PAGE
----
Largo Coffee Shop Discussion Reveals Lots of Side Stuff
By Leo Coughlin
LARGO - The City Commission's long and torturous discussion about concerns of the coffee shop at the city's library which went on for well more than an hour Tuesday night turned up a variety of insights.
Among them - Henry Schubert, an assistant city manager, never kept his boss, Norton Craig, the city manager, informed about complaints from the public about the Bookmark Café; alleged illicit sexual activity goes on inside the library; there never would have been a prolonged session on the subject Tuesday night if Schubert had not included a sentence in a letter to the leaseholder that arguably created an estoppel; the temperature always goes up when Commissioner Mary Black engages in colloquys with Mayor Pat Gerard and Alan Zimmet, the city attorney.
On the subject of a contract for the leaseholder the commission, in the words of Gerard, who has grown in wisdom and deftness in presiding over commission meetings, "We seem to be all over the place."
Then Gerard, practically in the next breath, nailed the situation in an accurate precis -
"If the door had not been left open, we could have gone ahead and done what we wanted to do because of these other things."
Translation: If Schubert's letter dated October 7, 2009 to Dalal Mansour, the leaseholder, had not contained these two sentences - "We have not received written notice of your intent to renew and the 270 day notification deadline has passed. Therefore, is it correct for me to assume that you do not wish to renew the agreement with the city?"
Mansour immediately responded last fall and said she wanted to renew. That torpedoed Schubert's plan to open the bidding for the coffee shop which he brought to the commission last week.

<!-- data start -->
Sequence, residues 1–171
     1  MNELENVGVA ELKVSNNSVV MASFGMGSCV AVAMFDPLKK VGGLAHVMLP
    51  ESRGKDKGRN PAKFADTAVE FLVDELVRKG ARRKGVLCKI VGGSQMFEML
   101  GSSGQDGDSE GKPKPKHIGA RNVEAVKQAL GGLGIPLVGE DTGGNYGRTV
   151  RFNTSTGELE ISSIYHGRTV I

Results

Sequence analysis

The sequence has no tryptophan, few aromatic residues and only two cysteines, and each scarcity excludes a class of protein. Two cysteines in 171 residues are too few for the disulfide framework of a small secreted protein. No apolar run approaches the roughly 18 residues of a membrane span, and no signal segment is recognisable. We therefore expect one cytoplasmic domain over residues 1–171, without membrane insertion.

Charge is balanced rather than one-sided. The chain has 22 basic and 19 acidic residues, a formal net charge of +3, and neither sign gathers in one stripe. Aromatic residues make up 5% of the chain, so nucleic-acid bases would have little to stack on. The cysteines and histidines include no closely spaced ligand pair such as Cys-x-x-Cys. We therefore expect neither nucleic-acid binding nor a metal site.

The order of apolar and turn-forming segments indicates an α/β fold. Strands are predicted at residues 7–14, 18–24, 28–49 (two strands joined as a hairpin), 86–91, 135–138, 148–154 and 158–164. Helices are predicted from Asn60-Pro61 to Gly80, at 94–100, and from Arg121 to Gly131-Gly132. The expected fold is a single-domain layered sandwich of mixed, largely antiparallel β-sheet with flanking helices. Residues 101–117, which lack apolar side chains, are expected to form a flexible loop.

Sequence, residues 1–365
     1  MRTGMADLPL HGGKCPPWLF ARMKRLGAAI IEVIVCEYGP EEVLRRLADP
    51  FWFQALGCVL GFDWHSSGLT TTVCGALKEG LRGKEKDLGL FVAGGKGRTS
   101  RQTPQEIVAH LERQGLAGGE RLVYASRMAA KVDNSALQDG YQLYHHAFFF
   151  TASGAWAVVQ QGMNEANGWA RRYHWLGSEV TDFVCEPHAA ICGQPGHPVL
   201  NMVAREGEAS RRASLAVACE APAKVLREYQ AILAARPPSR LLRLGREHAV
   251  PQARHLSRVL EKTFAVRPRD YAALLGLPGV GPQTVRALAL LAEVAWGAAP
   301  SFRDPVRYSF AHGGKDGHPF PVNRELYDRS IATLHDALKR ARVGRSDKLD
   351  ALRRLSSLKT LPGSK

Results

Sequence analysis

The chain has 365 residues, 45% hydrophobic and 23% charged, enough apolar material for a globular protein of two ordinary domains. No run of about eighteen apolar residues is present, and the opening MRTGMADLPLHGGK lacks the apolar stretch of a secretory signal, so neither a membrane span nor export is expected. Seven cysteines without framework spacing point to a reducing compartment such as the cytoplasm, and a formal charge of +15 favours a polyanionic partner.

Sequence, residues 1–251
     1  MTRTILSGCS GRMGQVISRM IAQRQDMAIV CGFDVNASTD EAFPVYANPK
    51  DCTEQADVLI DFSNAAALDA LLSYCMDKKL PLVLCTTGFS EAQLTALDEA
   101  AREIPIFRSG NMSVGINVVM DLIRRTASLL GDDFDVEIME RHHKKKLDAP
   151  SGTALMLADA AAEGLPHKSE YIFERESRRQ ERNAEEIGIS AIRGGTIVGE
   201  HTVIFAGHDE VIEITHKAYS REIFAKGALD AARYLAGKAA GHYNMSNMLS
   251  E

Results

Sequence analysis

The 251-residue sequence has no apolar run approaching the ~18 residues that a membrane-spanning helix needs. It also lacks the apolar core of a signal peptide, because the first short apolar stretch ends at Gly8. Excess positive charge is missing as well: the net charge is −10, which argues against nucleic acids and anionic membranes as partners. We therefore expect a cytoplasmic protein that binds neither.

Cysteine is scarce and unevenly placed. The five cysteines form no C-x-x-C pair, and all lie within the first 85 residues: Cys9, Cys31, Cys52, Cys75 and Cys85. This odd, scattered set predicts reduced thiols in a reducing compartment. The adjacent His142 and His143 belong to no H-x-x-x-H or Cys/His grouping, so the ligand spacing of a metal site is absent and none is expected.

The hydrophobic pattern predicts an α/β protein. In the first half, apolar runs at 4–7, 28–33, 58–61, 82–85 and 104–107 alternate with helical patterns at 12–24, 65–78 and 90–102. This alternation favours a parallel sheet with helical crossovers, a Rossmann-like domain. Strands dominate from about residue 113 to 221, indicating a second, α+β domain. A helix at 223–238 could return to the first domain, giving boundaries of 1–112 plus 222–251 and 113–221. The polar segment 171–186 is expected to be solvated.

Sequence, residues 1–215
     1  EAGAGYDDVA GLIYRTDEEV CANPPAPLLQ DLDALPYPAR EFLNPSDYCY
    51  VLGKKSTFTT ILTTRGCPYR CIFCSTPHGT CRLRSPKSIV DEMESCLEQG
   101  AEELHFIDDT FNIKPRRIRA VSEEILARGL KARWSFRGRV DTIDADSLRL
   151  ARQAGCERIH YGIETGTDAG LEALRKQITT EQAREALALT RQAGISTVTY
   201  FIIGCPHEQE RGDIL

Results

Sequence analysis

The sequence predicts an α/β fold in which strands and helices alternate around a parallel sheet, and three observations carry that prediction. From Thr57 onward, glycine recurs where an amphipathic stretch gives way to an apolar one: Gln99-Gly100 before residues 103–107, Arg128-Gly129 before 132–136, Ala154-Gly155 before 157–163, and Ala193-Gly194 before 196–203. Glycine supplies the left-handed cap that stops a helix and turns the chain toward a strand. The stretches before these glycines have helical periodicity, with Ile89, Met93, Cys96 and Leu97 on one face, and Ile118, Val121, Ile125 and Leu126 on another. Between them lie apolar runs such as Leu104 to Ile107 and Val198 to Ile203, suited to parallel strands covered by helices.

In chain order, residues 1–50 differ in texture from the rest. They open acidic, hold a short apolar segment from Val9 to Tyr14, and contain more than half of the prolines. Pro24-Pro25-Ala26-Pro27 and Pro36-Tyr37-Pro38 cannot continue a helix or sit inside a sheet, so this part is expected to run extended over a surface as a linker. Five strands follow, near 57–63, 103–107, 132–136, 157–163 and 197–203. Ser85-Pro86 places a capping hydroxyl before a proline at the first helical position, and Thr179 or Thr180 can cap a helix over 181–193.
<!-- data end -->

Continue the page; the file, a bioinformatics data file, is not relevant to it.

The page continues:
Many complaints about the coffee shop had been received by the city ranging from rudeness to lack of cleanliness.
Craig said Tuesday night that until last Wednesday morning he knew nothing about them which means the guy who has the responsibility for running the city was left in the dark about something important.
That's not how it works in the Army where Craig spent almost 30 years. In most places a subordinate who leaves his boss that vulnerable finds his head on the chopping block.
Then as the discussion bounced from one commission member to another with individuals frequently bringing up new subjects and concerns, Black revealed that she had learned from at least one citizen that complaints ranged outside the coffee shop.
Her informant told her, Black said, that sexual activities among teenagers was taking place in the hidden nooks of the genealogy area of the library and in one case, upon entering a rest room, a couple of kids were caught in flagrante delicto savoring the delights that are supposed to belong only to adults.
With all the struggling over what to do about the current leaseholder, the commission finally decided to let her go on for a year and then the commission would look at the situation.
The coffee shop has an interesting history. While there is discussion now of an RFP (Request for Proposal where vendors are invited to make bids) the Bookmark Café, just off the main lobby as one enters the library, was initially operated without the benefit of an RFP.
And when the original operators, a boy friend of a former city commissioner and his friend, bailed out after about a year, the current leaseholder took over.
Tuesday night's work session included four other subjects but they could not compete for interest with the Bookmark Café doings.
Among the byplay that is always amusing is the half baked approach to legalities, including terminology and thinking and process, from commission members that Zimmet, in his patient way, always manages to parse out and clarify.
The coffee shop and all its ramifications is not over.
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